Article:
We have a land in Karnataka State in a prominent city. It is inherited by 12 of us by way of a Will of an aunt. A buyer has approached us. Price agreed. We told him we want only outright sale (without an interim sale agreement). He agreed. After legal scrutiny of our papers by his Lawyer, he is asking a Memorandum of Understanding (MOU) in a Rs200 stamp paper. The sale will be within one month and there is a damages clause for a payment if either party fails to execute the sale deed. There is no advance money. The MOU will be null and void after the sale / date. Their Lawyer had written very strict language to which we objected and we re-drafted it our own simple language. Still some of our beneficiaries are afraid to sign an MOU in a stamp paper. Is it safe?
Asked 10 months ago in Property Law from Bangalore, Karnataka
1) you cannot be forced to enter into MOU
2) inform purchaser that you don't want to enter into MOU but are comfortable signing sale deed only
3) since no advance money is being received it makes no sense in signing MOU
1. DO not go for MOU.If agreement fails you will be in sweep if the buyer wishes to entangle the property.
2.Rather get into sale agreement and receive a big amount and no token amount as advance.
3. Make a clear time line for balance ayent so sale deed is executed within that time only in dafult wo whch you can cancel the agreement.
4. Registration of dale agreement is advisable.
5 I can not advise to go for MOU for sure.
Hi, Normally before entering into sale deed either agreement to sell or MOU is entered between the parties and it is normal procedure, if you want to safe guard your interest better engaged any advocate and get opinion from him.
If no advance is paid, then MOU with damages clause can be removed altogether. Only if token advance is paid then damages clause can be retained.
If this is done, then it is safe to sign.
If you have refused to execute a sale agreement for the proposed sale then there is no need for a MOU either.
In fact the recitals in the MOU should be beneficial to both the side and it should not be lopsided.
You have all the rights to reject such MOU especially when the co-sharers are not willing to enter into such an agreement in the disguise of MOU.
You may ignore this arrangement and go for the execution of sale itself directly especially when the buyer is not ready to pay any advance amount for this purchase.
A lady lawyer who was introduced through a friend was the Broker who brought this case. She told me it is perfectly safe to give an MOU on stamp paper. But I said NO. At last we gave an MOU on plain paper with a clear end date (which passed already). But nothing happened, except she showed me a newspaper Notice of intention to buy (which will cost about Rs20,000). The so-called buyer keeps on telling stories and no sale is done.
After some weeks this same lady advocate brought us another "deal". She pressed me to give the photocopies of all our documents. She told me of some financial difficulties in her home and the need for getting commission from the sale of our property. Believing her story, I gave asked her to proceed and gave her photocopies. But no MOU, no agreement, no token. She told the "client" fixed a date of purchase and even gave plane tickets to some of us (Cost about Rs20,000) who came to the city for registration. But nothing happened on the planned date of registration. We lost our time and money. She started telling stories. Through a friend of hers, I came to know that a magistrate court has recently sentenced her to 2 years imprisonment for criminal assault in a case involving property dispute in her home town. (She was among 5 members of her family who attacked as per the report in Times of India). It seems she is appealing to higher court. My doubt is: Once convicted, is she still an advocate as per Laws of Bar Association? What she gets from bringing bogus clients and making such dramas of non-existent sales? (I already decided not to deal with her anymore) Can she misuse the photocopies for some other purposes ? I have a doubt that she may be using the copies to make a legal report of 2 or 3 properties to her client The client will buy one of the properties (not ours). She and her senior may be getting a heavy fee for this work. Is it possible.? Please advise me.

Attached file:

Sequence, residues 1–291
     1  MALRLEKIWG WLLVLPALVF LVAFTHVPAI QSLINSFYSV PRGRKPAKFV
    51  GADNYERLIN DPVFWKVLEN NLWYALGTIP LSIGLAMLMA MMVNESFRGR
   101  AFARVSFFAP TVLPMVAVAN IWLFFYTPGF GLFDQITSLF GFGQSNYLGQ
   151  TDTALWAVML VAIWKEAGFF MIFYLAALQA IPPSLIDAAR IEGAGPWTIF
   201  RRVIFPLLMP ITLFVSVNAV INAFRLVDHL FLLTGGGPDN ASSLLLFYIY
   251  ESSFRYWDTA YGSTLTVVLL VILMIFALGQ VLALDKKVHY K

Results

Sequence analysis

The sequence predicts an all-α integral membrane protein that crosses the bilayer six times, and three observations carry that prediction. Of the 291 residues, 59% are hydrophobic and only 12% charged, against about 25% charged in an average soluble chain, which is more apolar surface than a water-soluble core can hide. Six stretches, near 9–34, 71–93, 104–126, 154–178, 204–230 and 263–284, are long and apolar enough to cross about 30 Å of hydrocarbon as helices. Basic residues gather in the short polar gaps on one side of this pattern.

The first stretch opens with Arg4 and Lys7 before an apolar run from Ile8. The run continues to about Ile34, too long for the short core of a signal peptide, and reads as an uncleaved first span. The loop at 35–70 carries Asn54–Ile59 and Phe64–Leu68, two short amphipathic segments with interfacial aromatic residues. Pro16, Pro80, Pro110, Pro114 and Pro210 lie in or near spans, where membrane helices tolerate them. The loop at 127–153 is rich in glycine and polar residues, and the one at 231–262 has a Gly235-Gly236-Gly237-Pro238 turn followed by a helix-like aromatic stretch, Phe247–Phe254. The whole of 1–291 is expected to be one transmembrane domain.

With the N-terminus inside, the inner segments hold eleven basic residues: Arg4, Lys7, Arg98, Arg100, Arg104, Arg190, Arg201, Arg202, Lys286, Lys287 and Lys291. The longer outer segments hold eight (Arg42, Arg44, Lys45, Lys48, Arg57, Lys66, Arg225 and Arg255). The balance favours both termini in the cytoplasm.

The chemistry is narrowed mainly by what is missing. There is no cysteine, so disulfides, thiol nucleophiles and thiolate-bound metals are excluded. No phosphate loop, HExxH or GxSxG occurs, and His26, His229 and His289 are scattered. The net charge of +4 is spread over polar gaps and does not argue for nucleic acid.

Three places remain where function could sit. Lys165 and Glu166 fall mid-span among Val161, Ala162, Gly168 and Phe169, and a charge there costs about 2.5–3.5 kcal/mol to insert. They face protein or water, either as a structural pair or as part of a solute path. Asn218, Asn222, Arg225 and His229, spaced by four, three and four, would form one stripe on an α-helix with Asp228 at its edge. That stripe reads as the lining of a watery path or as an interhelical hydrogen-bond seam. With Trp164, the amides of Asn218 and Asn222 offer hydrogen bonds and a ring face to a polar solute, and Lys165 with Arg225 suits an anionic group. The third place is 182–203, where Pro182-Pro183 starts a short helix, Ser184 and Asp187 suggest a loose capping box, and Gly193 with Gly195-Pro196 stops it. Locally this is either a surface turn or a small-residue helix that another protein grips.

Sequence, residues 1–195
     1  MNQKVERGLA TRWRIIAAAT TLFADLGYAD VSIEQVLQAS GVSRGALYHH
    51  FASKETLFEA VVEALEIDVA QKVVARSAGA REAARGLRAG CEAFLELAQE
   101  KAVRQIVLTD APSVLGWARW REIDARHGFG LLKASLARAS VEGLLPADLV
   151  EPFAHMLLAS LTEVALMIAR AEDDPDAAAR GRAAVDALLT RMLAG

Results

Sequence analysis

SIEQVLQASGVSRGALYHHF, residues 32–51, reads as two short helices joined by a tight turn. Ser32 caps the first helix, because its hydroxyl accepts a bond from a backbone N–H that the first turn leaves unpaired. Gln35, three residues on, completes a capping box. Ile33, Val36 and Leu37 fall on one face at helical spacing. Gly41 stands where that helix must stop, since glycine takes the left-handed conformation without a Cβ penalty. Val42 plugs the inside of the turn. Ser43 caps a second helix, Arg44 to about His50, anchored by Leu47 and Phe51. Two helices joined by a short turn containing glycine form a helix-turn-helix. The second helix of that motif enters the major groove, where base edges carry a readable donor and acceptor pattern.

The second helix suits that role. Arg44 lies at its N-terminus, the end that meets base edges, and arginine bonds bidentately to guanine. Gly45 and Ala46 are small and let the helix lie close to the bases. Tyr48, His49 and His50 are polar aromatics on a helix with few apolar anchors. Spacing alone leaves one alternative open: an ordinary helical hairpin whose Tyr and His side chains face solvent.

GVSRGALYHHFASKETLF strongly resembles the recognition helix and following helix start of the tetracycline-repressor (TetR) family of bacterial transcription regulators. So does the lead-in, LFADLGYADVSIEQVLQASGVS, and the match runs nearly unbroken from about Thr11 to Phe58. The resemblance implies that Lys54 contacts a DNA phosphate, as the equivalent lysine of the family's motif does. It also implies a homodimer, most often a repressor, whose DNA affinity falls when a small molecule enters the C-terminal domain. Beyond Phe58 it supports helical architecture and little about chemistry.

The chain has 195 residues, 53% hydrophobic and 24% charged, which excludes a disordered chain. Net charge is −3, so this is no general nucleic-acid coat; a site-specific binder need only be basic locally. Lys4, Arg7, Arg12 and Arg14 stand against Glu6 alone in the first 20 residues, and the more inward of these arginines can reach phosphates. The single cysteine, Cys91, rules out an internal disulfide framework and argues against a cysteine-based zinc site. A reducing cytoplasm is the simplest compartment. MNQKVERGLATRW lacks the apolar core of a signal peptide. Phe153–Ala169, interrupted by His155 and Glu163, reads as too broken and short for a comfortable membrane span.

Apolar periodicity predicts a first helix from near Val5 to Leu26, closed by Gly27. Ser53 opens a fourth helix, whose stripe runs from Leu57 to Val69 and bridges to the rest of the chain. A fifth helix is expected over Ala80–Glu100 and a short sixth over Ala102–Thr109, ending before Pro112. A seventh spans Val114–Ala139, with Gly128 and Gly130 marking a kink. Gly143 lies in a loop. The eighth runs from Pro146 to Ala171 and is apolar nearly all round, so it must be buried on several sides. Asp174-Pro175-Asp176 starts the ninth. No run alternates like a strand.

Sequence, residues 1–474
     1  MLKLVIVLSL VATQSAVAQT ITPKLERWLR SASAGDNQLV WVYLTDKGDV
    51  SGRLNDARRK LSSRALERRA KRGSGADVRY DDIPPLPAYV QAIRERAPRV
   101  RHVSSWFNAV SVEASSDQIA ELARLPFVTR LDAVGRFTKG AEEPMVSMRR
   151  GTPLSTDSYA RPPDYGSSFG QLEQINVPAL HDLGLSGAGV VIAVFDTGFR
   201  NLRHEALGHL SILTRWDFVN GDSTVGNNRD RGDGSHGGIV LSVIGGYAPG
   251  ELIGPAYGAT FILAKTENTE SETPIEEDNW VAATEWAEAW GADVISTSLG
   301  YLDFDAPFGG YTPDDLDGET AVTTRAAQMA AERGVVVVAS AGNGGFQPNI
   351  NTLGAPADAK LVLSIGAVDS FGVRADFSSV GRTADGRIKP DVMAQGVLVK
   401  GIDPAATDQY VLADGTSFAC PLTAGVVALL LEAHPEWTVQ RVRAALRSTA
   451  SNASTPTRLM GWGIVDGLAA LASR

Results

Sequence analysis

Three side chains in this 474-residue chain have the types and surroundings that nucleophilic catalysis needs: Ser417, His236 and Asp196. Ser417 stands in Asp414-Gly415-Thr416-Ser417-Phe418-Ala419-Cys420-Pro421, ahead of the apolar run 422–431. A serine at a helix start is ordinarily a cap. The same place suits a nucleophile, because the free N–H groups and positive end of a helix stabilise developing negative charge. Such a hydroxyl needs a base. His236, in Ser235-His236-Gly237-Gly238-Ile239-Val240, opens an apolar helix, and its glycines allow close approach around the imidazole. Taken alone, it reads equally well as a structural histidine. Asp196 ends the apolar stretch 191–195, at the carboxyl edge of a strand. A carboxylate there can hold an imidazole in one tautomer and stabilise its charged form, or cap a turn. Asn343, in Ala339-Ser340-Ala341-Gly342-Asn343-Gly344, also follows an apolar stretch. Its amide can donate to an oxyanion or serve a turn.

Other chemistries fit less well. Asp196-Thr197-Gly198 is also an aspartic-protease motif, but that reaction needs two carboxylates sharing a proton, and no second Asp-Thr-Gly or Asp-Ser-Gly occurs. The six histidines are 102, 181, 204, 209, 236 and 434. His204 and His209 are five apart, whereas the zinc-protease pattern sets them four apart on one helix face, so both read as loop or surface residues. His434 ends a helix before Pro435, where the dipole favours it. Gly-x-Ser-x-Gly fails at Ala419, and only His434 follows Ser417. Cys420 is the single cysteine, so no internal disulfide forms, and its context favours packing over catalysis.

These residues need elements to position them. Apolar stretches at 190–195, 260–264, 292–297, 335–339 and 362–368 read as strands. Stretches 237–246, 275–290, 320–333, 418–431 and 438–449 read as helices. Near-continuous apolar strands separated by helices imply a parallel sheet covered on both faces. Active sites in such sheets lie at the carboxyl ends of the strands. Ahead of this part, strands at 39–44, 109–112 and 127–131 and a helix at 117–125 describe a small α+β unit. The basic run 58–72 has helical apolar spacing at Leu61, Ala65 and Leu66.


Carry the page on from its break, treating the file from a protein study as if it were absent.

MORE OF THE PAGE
Asked 5 months ago
1) it is possible that with photocopies fabricated documents can be prepared
2)lady must have sought stay against her conviction pending hearing and final disposal of appeal
3) hence she can continue to practice ifstay is granted by appellate court
All your doubts and suspicions about that so called lady lawyer are justified especially in the present circumstances.
You need to be very careful abut this in the future.
You can give a newspaper advertisement stating that you have given the photocopies of the property papers to this person who is suspected to misuse hence the general public are warned to not to deal with the said property in any manner with the said person or her associate without the knowledge of the person who has given this publication.
This type of warning may help you to safeguard your interests in the property.